Microsoft just spent $7.5 billion to give gamers a major reason to buy a next-gen Xbox instead of a PlayStation 5

Microsoft just spent $7.5 billion to give gamers a major reason to buy a next-gen Xbox instead of a PlayStation 5
"Fallout 76"
  • In a Monday morning surprise, Microsoft revealed plans to spend $7.5 billion on the acquisition of ZeniMax Media — the parent company of game publisher Bethesda Softworks, which makes "Fallout," "DOOM," and "The Elder Scrolls," among many other games.
  • The deal is the latest in a string of Microsoft gaming acquisitions intended to bolster the Xbox gaming portfolio, and will bring major franchises in-house to Xbox Studios.
  • With both Microsoft's next-gen Xbox and Sony's next-gen PlayStation launching this November, the acquisition has major implications for the next several years.
  • The next major entries in franchises like "The Elder Scrolls" and "Fallout" are likely to be exclusive to Microsoft's Xbox and PC platforms, leaving the PlayStation 5 out.

Just days after Sony announced pricing for the PlayStation 5, Microsoft revealed a huge surprise on Monday morning: The acquisition of the massive game publisher behind franchises like "Fallout," "The Elder Scrolls," and "Doom" in a deal worth $7.5 billion in cash.

The deal for the conglomerate ZeniMax Media and its games publisher Bethesda Softworks will incorporate several major video-game-development studios under Microsoft's Xbox Studios umbrella, as well as the major game franchises they oversee.

Bethesda Softworks oversees the studios ID Software ("Doom"), Bethesda Game Studios ("Fallout," "The Elder Scrolls," "Starfield"), Arkane Studios ("Dishonored," "Deathloop"), and MachineGames ("Wolfenstein").

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Critically, Bethesda Softworks and its myriad games are multiplatform — the company creates and publishes games for Microsoft, Sony, and Nintendo platforms. Bethesda also has major games on PC, Mac, and smartphones.

The acquisition by Microsoft is likely to change that for good.


In an email exchange with Business Insider, Wedbush managing director Michael Pachter said it was "unlikely" that Microsoft will publish the forthcoming entries to major franchises on Sony's PlayStation 5 or Nintendo's Switch "after 2021." For the time being, Bethesda is likely to have contractual obligations to Sony for upcoming games that are already in production.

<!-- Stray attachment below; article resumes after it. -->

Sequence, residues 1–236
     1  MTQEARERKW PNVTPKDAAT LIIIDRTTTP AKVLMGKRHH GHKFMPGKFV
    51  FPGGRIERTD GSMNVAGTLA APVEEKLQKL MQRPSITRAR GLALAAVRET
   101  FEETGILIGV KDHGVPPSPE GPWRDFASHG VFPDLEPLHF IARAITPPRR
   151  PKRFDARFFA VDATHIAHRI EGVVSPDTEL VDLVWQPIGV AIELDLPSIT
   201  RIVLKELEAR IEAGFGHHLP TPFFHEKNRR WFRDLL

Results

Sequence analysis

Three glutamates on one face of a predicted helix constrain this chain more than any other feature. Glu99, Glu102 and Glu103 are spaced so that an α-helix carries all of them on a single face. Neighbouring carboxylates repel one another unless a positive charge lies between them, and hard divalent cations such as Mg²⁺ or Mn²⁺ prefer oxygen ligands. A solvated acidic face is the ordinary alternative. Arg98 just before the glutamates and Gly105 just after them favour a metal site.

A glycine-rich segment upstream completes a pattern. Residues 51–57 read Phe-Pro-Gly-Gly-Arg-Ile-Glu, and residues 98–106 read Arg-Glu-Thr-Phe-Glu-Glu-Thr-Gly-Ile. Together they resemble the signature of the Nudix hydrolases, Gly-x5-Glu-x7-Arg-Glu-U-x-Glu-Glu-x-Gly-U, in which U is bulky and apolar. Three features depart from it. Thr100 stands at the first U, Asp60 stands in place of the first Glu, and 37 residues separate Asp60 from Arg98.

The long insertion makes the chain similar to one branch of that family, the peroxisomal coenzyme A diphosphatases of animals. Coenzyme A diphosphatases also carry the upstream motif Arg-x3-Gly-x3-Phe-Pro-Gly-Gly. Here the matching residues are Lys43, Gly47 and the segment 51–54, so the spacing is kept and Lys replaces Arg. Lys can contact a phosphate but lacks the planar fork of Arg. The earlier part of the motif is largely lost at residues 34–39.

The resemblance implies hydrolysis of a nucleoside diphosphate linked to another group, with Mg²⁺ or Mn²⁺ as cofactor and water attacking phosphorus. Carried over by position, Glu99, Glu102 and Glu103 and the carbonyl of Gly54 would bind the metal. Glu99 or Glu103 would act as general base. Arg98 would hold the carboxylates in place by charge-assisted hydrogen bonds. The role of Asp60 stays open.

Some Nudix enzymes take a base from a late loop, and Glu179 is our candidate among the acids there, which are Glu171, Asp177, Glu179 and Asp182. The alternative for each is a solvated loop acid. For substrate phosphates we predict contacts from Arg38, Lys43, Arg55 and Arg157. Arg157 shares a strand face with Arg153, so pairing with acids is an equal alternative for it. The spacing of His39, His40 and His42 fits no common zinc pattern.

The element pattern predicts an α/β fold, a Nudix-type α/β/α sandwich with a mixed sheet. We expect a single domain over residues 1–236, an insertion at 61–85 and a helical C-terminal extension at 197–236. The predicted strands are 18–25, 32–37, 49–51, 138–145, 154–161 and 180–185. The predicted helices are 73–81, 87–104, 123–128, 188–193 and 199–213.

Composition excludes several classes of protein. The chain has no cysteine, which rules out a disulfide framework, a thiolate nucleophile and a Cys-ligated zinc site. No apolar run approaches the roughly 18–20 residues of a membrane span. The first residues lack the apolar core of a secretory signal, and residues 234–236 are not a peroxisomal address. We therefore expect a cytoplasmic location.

One such game, "Deathloop," is a so-called "timed exclusive" on Sony's PlayStation 5 — meaning it wouldn't come to Microsoft's Xbox Series S and Series X consoles until some point after launch. "Deathloop" was highlighted as recently as last week by Sony as a big upcoming PlayStation 5 game.

That game appears to still be coming to the PlayStation 5 as an exclusive, despite the acquisition, according to Xbox head Phil Spencer.

Spencer told Bloomberg that the game will remain exclusive to Sony's PlayStation 5, while upcoming games like "Starfield" from Bethesda Game Studios will only go to Xbox and PC. "We'll take other consoles on a case-by-case basis," Spencer told Bloomberg.

Microsoft has been on a spending spree

With the exception of the "Minecraft" franchise, which Microsoft acquired for $2.5 billion in September 2014, the studios that Microsoft has purchased in the last several years are dedicated to creating games for the Xbox and PC platforms.


Obsidian Entertainment, for instance, was acquired in late 2018. Though its first game under Microsoft was a multiplatform effort that launched on the PlayStation 4, the two games after that are exclusive to Microsoft's Xbox and PC storefronts.

Across the last seven years, as the Xbox One and PlayStation 4 have gone head to head, Microsoft's Xbox has struggled to compete with Sony's PlayStation in terms of big exclusive games.

Sony's PlayStation 4 boasts a vast portfolio of critically and commercially successful games — including "God of War," "Marvel's Spider-Man," "The Last of Us: Part II," and "Bloodborne" — that can only be played on the PlayStation 4. Microsoft's Xbox One, on the other hand, only has a handful of such games ("Gears 5," "Sea of Thieves," and "Halo: The Master Chief Collection"), and they can all still be played on PC if you'd prefer.

The rise of Game Pass

Instead, Microsoft has gone a different route.

Its focus is on a new service named Xbox Game Pass, which offers a Netflix-like library of games that can be downloaded to your Xbox/PC or played remotely via the cloud on Android smartphones. Game Pass charges a monthly subscription that starts at $10, and includes all of Microsoft's first-party games at launch.


It is, in short, a tremendously good deal for consumers — and with over 15 million paid users as of an announcement that also came on Monday morning, Game Pass has been the most successful of Microsoft's recent major pushes for Xbox against the dominance of the PlayStation.

It's this service in particular that Microsoft intends to bolster with the purchase of Bethesda Softworks.

"We will be adding Bethesda's iconic franchises to Xbox Game Pass for console and PC," Spencer said in the acquisition announcement post. Moreover, those games will arrive on the Game Pass service on the same day they launch otherwise for the next-gen Xbox consoles and PC — games like the highly-anticipated "The Elder Scrolls VI," and "Starfield," and whatever's next in the "Fallout" franchise.

And they probably won't arrive on the PlayStation 5.

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